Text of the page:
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How best to manage my gas central heating - odd house layout.

RafeDonson Member Posts: 1
I rent a house, and have a combi boiler - it's been replaced so it's now a fairly modern one, with LED readouts, compared to the old one which was dials only. But I'm still wondering how best to heat my house, and how to tweak the system?

My house has an odd layout. It's a fairly thin three story house, an old converted weavers house, with lounge on the top flood, bedroom and bathroom on the middle floor and kitchen on the bottom floor.

I have radiators with TRV valves in the bathroom, bedroom, lounge and kitchen - the kitchen one being the biggest ones. The bathroom, bedroom and lounge have doors I can close, but the kitchen has no door so opens up to the mid floor landing which in turn opens up to the top floor landing. But the thermostat is in the kitchen.

I'm in the lounge the most, so I'd like to keep that room the warmest, but I don't want the rest of the house to be icy. I've tried various things so far - I've tried..

1) Putting all the radators up till 5 and lowering the thermostat
2) Leaving the thermostat at 18, but putting the lounge radiator at 5, and the others at 2.
3) Turning down the central heating temp dial on the boiler itself, to about 4.

But none of these seem to have made much difference. Can anyone tell me which of these should be the most efficent? The main issue I have is that the thermostat is in the kitchen, the room I tend to need heated the least. The kitchen's also connected to the upstairs and top floor landing, so presumably any heat in the kitchen would radiate upstairs.

Advice would be appreciated.


  • SWEI
    SWEI Member Posts: 7,356
    edited January 2016
    Some details on the boiler (make, model, perhaps a photo showing the surrounding piping and valves)?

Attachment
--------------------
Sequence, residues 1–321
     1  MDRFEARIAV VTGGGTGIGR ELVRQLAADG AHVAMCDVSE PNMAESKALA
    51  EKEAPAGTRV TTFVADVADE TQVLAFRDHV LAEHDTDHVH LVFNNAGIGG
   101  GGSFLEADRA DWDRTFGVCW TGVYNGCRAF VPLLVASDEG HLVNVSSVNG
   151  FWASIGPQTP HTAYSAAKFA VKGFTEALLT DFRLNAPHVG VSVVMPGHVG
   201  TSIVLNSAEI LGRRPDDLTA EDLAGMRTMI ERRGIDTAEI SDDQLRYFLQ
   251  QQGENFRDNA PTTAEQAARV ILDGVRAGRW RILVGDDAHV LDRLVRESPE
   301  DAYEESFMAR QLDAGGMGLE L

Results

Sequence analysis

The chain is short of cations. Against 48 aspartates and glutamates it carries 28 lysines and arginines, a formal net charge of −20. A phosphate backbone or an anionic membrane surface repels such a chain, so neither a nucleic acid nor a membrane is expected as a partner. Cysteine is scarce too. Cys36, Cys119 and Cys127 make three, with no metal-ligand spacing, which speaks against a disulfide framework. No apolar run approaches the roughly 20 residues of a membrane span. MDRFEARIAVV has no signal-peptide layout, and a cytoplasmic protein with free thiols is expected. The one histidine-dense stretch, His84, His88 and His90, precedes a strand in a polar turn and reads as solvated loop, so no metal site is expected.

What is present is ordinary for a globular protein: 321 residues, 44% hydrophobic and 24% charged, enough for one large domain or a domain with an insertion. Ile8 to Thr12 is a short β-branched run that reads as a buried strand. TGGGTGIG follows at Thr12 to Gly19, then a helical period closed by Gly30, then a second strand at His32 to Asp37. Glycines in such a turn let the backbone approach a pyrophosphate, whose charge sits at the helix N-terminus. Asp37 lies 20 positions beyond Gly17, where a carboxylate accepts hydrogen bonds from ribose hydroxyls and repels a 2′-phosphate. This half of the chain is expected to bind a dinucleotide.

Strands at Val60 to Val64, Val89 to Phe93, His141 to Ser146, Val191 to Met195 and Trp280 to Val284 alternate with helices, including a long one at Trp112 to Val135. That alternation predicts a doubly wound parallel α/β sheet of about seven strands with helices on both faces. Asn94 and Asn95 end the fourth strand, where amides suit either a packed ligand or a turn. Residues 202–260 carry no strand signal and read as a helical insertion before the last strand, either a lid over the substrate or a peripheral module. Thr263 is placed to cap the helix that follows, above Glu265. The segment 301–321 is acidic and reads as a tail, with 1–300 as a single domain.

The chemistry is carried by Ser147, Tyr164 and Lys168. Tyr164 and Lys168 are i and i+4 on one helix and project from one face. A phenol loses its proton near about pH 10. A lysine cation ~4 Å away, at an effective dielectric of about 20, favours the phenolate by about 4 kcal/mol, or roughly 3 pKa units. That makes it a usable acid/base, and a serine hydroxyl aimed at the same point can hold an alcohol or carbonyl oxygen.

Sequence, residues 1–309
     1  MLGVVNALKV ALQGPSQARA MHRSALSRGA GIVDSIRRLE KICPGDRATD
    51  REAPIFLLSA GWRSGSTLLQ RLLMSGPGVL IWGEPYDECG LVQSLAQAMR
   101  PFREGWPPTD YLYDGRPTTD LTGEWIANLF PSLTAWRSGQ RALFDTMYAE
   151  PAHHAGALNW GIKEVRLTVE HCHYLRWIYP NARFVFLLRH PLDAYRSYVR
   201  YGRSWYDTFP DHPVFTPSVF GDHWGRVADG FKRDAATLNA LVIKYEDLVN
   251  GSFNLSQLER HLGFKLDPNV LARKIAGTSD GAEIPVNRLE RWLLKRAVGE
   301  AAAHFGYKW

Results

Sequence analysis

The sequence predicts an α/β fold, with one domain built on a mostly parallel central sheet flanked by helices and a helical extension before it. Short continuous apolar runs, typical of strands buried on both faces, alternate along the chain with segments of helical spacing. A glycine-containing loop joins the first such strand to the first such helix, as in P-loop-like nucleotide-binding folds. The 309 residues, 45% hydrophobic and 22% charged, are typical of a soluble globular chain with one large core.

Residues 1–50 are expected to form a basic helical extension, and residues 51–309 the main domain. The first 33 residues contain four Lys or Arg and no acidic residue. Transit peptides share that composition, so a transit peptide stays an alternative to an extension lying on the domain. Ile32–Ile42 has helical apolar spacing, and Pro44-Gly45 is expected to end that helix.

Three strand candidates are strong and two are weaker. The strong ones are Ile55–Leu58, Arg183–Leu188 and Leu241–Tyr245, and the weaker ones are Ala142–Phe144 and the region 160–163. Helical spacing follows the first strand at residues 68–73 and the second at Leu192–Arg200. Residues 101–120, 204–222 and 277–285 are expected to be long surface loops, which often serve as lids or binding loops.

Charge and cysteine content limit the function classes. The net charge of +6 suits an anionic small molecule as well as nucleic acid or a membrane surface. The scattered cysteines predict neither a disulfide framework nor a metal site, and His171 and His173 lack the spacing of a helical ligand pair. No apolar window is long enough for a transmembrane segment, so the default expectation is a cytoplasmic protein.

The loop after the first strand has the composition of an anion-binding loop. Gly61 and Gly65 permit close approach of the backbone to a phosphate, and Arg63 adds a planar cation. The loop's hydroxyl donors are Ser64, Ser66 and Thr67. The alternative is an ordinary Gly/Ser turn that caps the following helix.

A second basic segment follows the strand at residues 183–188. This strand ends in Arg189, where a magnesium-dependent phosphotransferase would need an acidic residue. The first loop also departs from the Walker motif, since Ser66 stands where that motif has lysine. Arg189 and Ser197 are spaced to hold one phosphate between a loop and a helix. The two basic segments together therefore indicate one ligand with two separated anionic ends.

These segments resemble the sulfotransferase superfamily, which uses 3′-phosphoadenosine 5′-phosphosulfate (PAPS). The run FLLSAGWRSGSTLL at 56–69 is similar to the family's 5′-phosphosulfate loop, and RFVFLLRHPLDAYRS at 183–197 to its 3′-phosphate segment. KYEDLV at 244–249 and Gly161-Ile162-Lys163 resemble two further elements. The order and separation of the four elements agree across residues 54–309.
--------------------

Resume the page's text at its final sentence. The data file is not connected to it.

Barring nothing amiss there, I would probably suggest the following:
    • Turn the thermostat up as high as it goes.
    • Turn all the TRVs up as high as they will go.
    • Adjust the heating curve on the boiler controls until the coolest room is comfortable regardless of the outdoor air temp.
    • Turn down the TRVs in any rooms that are too warm.
    Once this is balanced (it can take several weeks) then turn up the boiler curve a bit and turn all the TRVs down a point or two. This will give you some usable range on all the TRVs. Set the Thermostat a couple of degrees warmer than you actually want the room, which will turn it into a high limit control.
  • Jamie Hall
    Jamie Hall Member Posts: 21,117
    Not quite sure what's available on your side of the pond (at least I assume that you are in the UK?), but on this side of the pond there are a number of wi-fi or remote enabled options for thermostats -- such as this nifty gadget: http://yourhome.honeywell.com/en/products/thermostat/portable-comfort-control

    There are also thermostats with remote wireless sensors.

    Would such a thing do what you want? Seems to me that you could then control the system with a remote sensor in the lounge, and dial the other radiation down to whatever seemed comfortable...
    Br. Jamie, osb
    Building superintendent/caretaker, 7200 sq. ft. historic house museum with dependencies in New England
  • Gordy
    Gordy Member Posts: 9,537
    Recommend Kurts advice as to dialing in the ODR. This will give you the lowest water temp needed, but yet high enough for the coldest room. Then you can dial everything else back in the warmer rooms.

    That will be as efficient as it gets. The trvs will control the flow, and the thermostat becomes redundant component only making sure other thermal loads do not overheat the space.